Sell your proper camera gear, phones can take portraits just as well already. This has been a popular claim to put in catchy headlines for the past couple of years, only to be totally debunked in the actual article or at the very least watered down with a whole bunch of ifs.
We’ve lined up the industry’s cameraphone heavyweights – iPhone XS Max, Galaxy Note9, Huawei Mate 20 Pro, LG V40 ThinQ, OnePlus 6T, Galaxy S9, Google Pixel 3 to see how good phones have become in capturing portrait photos with defocused background. We’ll also be taking some shots with a full-frame DSLR – the Nikon D750 – just to put things into perspective.
It’s been 2+ years since Apple made the Portrait mode mainstream with the iPhone 7 Plus. In those years we’ve seen a number of different ways to do things – there’s the Apple way with a telephoto-based setup that shoots the portraits with the long lens and uses the wide angle lens for depth detection. Then there’s the (generally not as successful, and not as common) implementation with a wide angle camera for the portraits and an ultra wide angle for gathering depth data.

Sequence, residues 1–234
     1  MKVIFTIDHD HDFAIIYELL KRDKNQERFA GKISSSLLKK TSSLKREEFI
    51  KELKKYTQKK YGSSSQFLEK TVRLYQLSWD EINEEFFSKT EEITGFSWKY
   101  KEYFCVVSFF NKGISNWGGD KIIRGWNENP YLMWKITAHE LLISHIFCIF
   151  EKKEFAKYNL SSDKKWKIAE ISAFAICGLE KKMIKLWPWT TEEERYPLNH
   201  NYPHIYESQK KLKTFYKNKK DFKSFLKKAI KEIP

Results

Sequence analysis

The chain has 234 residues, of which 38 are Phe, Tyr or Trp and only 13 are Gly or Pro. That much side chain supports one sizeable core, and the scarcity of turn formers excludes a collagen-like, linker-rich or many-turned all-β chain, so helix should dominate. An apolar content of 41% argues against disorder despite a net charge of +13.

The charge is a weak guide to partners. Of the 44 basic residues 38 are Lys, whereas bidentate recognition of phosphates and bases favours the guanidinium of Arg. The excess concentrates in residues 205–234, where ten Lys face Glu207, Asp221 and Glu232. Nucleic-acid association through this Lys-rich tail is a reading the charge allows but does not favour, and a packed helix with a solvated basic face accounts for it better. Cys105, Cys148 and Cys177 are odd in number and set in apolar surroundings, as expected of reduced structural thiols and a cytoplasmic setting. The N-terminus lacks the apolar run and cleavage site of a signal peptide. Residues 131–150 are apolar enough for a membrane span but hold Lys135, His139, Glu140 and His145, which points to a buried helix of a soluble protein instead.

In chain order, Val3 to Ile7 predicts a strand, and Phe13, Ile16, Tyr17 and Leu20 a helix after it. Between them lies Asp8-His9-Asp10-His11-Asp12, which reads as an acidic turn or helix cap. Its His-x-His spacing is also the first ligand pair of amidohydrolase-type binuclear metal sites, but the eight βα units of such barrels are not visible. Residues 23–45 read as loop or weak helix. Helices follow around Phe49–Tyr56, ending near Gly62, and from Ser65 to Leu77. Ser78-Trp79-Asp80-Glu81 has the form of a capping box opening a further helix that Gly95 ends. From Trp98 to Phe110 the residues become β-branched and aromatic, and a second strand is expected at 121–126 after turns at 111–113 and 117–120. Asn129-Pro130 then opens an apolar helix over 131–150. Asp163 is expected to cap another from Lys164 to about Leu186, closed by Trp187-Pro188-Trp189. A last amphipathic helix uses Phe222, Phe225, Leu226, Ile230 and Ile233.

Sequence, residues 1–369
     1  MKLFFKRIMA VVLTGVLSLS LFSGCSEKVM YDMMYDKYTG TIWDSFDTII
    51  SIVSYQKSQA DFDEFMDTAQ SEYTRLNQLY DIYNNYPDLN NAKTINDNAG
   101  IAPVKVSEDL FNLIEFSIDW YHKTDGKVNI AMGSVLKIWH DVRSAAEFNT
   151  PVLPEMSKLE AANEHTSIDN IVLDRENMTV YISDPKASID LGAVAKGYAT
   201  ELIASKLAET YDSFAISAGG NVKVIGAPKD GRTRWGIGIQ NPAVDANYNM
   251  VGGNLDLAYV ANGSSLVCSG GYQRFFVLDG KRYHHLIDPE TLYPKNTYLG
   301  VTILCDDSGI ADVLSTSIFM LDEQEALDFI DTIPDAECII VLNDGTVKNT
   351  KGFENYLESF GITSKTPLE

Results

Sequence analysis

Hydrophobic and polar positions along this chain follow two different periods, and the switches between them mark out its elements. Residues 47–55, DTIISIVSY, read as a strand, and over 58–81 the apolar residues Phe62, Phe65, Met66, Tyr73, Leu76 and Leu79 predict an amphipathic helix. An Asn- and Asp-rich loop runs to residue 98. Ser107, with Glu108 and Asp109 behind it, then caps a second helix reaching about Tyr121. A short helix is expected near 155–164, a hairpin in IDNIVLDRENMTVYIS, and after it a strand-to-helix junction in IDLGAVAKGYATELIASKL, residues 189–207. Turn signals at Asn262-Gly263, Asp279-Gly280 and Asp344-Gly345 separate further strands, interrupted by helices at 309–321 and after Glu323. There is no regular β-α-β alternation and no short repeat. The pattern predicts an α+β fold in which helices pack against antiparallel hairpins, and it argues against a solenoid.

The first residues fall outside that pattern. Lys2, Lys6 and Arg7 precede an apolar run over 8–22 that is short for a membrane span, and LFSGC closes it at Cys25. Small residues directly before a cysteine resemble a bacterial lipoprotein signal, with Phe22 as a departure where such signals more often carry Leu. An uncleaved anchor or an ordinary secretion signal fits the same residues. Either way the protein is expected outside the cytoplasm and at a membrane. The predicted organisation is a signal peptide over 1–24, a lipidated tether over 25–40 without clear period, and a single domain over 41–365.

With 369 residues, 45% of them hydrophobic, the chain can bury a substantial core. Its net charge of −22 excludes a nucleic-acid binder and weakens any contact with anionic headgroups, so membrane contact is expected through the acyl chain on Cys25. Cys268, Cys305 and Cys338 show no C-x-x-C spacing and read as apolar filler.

More affordable phones have meanwhile relied on one actual camera to take pics, and another, lower-res one, solely for depth detection. This has allowed makers to offer the all-important portrait mode while keeping costs down. These, however, will be outside the scope of this article, as we’re shooting to see how the best of the best can cope with the task at hand.
Next to all these multi-module portrait shooters, there’s the Pixel 3. Google has insisted on making single-camera portraits by aiding dual-pixel sensor hardware with subject recognition in software and the results have been ‘wow’ more often than not. Imagine what they could do with two cameras.
Being the firmly planted in the now folks that we are, we figured we’d leave the future alone. We rounded up a selection of high-end phones we have at the office and took them on a portrait shoot. A DSLR with a fast 50mm lens keeps them company – for reference purposes.